These are the dialogue of thoughts that pop into your head all day. They come up suddenly on their own with no effort.” Researchers vary in the estimated amount of thoughts we have a day; 6000-60,000. But no matter the exact number, that’s a heck of a lot of thoughts that affect our feelings, fears, worries, and self-worth.
These are negative automatic thoughts that cause negative distorted thinking, according to Dr. Aaron Beck (considered the creator of CBT in the 1960s). They are either; negative ideas about ourselves, the world, and the future. He discovered that negative thoughts like “I never do anything right” or “I’m such a loser” affected overall happiness, mental health and can even cause depression.
Research estimates 80% of our thoughts are negative, and 95% of these were exactly the same repetitive thoughts as the day before.
Now, consider this;
These baseless worries are a significant source of stress, tension and can cause or contribute to depression and anxiety disorders.
This video from selspace Canada clearly explains how parts of CBT work. It explains automatic thoughts, automatic negative thoughts, and how to challenge them and replace them in a cute, engaging way:
Also known as cognitive distortions; these are ways that our thoughts can become biased. We are constantly interpreting the world around us, and we can generate thoughts that aren’t accurate.
Cognitive distortions happen automatically. We don’t mean to think inaccurately, but unless we learn to notice them, they can have powerful yet invisible effects upon our moods and our lives.
You can see how our thoughts and thinking styles affect us. Hopefully, it gives you insight into how easily these thinking traps could cause school avoidance.
The primary goal in Dialectical Behavioral Therapy is to teach kids/adolescents the skills to more effectively manage their emotions (feelings toward school) and behaviors (avoiding school). In regard to School Avoidance, DBT considers that problematic behavior is a result of problems when a child cannot properly regulate or control their emotions (dysregulation).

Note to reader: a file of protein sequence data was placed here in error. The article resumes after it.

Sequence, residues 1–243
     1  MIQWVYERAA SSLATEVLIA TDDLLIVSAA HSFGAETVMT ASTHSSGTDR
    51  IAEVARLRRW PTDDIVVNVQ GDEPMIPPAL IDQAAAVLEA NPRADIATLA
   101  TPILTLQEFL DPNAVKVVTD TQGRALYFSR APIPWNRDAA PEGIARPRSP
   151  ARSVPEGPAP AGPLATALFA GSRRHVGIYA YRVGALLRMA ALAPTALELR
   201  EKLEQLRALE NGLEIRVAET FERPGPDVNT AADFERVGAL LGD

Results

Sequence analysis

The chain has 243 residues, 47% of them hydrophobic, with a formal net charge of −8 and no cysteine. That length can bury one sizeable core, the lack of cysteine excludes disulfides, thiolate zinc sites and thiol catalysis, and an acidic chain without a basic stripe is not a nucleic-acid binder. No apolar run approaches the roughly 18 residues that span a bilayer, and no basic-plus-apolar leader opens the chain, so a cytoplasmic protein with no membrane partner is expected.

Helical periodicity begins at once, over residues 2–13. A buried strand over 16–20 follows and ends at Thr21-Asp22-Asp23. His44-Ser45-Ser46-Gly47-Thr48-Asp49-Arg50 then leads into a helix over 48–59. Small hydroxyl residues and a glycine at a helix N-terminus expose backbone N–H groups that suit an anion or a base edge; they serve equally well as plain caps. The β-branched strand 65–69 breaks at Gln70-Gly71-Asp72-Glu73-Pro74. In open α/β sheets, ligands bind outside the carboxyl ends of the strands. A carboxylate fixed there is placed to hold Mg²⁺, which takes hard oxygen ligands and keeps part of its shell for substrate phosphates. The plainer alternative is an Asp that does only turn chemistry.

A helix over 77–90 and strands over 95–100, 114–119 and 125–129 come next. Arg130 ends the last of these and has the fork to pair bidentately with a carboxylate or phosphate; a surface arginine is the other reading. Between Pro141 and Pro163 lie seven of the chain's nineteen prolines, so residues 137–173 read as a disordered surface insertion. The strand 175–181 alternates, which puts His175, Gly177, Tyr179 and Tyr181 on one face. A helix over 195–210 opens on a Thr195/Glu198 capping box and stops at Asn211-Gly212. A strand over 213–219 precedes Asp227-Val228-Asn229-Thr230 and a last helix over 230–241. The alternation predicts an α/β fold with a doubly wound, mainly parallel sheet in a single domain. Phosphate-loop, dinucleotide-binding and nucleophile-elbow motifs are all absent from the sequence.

The core skills taught in DBT are:
These skills are relevant to kids with school avoidance who avoid negative feelings that cause escape or avoidance.
The skills are usually taught in a skills training group. Therapists often say it’s more like a class than a group.
Some kids with school avoidance will have a hard time entering a group class at first. Usually, through the relationship with the therapist, they can help ease your child into the course. It’s the professional opinion of each DBT clinician to determine if not being able to attend the group will hinder the effectiveness of treatment.
Online groups are sometimes easier for school avoidance kids at first.
The therapist and patient have individual sessions where they tailor specific skills to specific life circumstances to achieve therapeutic goals (getting back to school).
Practitioners of DBT utilize the following Components as part of their Treatment Plan:
DBT can be hard to understand the first few times you read about it. This video explains DBT simply, and the video isn’t ho-hum boring. Presented by Dr. Esme Shaller, UCSF Department of Psychiatry and Behavioral Sciences, clinical director of child and adolescent outpatient services at Langley Porter Psychiatric Hospital and Clinics.
SPACE is a parent-based treatment program for children and adolescents with anxiety, OCD, and related problems. The research supporting SPACE has been ongoing for about ten years. It is a new approach, and many clinicians and parents are very excited to learn how to use it.
Parents who participate in SPACE will learn skills and tools to help their children overcome anxiety, OCD, or related problems. The treatment focuses on parents’ changes to their own behavior; they do not need to make their child change. The parents participate in SPACE treatment sessions, and in most cases, the child or adolescent does not need to attend the treatment sessions.
SPACE was developed by Dr. Eli Lebowitz at the Yale Child Study Center and has been tested and found to be effective in randomized controlled clinical trials. Parents of children with anxiety-based school avoidance have read Dr. Liebowitz’s book and will be providing feedback. A school in Perth, Australia, is also piloting a program utilizing SPACE, and we will share the results when they come in this Fall.
When SPACE treatment is successful, children feel less anxious and function better following treatment.